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Chronic neutropenia is a prolonged condition in which the human blood has an abnormally diminished supply of immune cells that attack and destroy foreign material or organisms. At any given time, there is normal fluctuation in anyone’s blood count. A persistent, or cyclic, count that is unusually low may have a more serious underlying cause.
Hematology is the study of human blood, its composition and function. There are several types of white blood cells, collectively termed leukocytes. As blood circulates and permeates the entire body, white blood cells are the foot soldiers of the immune system, protecting against invasive foreign agents such as viruses that can harm or cause disease. Any hematological disorder that affects white blood cells compromises the human immune system.
The most common leukocytes in blood, anywhere from 50-60%, are the ones that primarily combat bacteria. They are called neutrophils. When bacteria invades the body, such as through any of the orifices or through a skin break, an army of neutrophils amass within 30 minutes to voraciously engulf and digest anything foreign at the site. They, too, die in the process, becoming a white substance commonly called pus.
During such bacterial infections, as neutrophils fight and die, their supply in the blood naturally diminishes. If the infection is severe, the supply can become substantially depleted. This condition is called acute neutropenia, sometimes also called leukopenia. Symptoms typically include inflammation or swelling of the infection site, absence of pus material, and high fever. Normal treatment is a course of antibiotic medication.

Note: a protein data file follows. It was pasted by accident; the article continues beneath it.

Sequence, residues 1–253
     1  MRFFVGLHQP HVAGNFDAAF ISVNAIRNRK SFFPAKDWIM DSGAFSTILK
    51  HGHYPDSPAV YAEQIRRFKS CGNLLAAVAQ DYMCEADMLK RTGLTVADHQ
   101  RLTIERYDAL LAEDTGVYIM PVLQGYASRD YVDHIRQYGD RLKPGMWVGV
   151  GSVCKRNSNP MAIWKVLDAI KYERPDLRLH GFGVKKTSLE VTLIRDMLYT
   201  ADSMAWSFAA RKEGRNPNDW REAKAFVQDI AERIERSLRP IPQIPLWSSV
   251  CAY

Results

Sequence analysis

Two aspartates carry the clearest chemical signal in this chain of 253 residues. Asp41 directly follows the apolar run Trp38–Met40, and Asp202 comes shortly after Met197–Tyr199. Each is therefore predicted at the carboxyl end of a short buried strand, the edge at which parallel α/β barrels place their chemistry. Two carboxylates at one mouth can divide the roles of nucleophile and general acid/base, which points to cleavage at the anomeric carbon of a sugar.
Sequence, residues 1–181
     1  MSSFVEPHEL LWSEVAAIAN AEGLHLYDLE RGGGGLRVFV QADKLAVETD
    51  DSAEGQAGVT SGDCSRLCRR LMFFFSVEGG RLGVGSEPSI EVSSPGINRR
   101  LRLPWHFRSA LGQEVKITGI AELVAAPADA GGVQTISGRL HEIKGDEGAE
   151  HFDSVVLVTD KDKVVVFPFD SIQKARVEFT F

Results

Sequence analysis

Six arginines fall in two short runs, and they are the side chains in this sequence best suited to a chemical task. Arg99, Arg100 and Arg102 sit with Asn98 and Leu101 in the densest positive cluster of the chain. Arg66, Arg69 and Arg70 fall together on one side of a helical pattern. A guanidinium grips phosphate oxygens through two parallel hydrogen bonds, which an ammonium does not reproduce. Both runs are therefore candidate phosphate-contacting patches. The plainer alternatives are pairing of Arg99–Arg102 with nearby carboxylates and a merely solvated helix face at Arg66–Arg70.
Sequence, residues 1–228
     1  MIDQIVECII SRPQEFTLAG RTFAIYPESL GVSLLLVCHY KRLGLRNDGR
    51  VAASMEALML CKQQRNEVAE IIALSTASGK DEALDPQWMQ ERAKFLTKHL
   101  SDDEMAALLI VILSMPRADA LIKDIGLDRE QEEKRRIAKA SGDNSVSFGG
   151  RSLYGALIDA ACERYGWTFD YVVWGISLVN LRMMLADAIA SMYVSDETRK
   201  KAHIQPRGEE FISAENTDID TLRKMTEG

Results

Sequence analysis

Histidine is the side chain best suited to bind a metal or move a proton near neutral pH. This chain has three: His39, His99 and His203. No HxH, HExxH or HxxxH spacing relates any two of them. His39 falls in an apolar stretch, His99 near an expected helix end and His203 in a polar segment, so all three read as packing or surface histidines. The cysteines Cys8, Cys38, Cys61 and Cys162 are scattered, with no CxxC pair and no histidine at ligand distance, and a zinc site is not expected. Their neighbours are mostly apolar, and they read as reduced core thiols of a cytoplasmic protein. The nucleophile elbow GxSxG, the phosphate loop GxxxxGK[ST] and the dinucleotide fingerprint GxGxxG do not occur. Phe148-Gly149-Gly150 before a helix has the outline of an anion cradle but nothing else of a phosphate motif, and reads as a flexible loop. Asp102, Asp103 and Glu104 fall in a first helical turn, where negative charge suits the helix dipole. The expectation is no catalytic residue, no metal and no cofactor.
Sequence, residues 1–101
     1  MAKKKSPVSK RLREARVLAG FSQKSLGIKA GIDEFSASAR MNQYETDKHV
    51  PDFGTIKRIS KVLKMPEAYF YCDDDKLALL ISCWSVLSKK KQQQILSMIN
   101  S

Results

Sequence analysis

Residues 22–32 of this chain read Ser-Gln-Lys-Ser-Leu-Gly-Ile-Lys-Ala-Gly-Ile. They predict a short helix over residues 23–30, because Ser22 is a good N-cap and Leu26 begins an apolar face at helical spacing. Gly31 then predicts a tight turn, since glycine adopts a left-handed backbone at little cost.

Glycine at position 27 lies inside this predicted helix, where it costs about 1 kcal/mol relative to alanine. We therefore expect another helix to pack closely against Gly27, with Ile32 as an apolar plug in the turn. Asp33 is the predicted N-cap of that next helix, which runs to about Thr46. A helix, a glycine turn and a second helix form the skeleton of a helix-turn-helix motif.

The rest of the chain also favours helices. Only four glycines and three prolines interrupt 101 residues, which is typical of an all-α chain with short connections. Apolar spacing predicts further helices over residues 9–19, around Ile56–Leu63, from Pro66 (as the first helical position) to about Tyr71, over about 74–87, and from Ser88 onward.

Chronic neutropenia is roughly defined as a persistence of the condition for three months. If not already tried, stronger antibiotics will be prescribed and a laboratory blood count will be conducted. A measurement of less than 500 neutrophil cells per microliter of blood is defined as severe chronic neutropenia. If obvious signs or symptoms of infection are absent, the diagnosis will include identifying the underlying cause of this blood disorder.
The various possible causes of chronic neutropenia is broadly either one of two: neutrophils are being destroyed, or they are not being produced. An example of the former includes autoimmune diseases such as lupus, in which the body mistakenly thinks that neutrophils are foreign organisms and thus produces antibodies that kill them on contact. Only a bone marrow biopsy, extracting some tissue for laboratory analysis, can determine whether this is the cause. Examples of the failure to produce neutrophils include cancers and hereditary diseases, chemotherapy and arsenic poisoning, and vitamin B12 and copper deficiency.
There are no known effective therapies for chronic neutropenia, because it is usually a symptom of an underlying disorder. Treat that disorder, and the white blood cell count will rise to normal. The focus of therapy is to prevent and treat any new bacterial infections which would exacerbate the condition.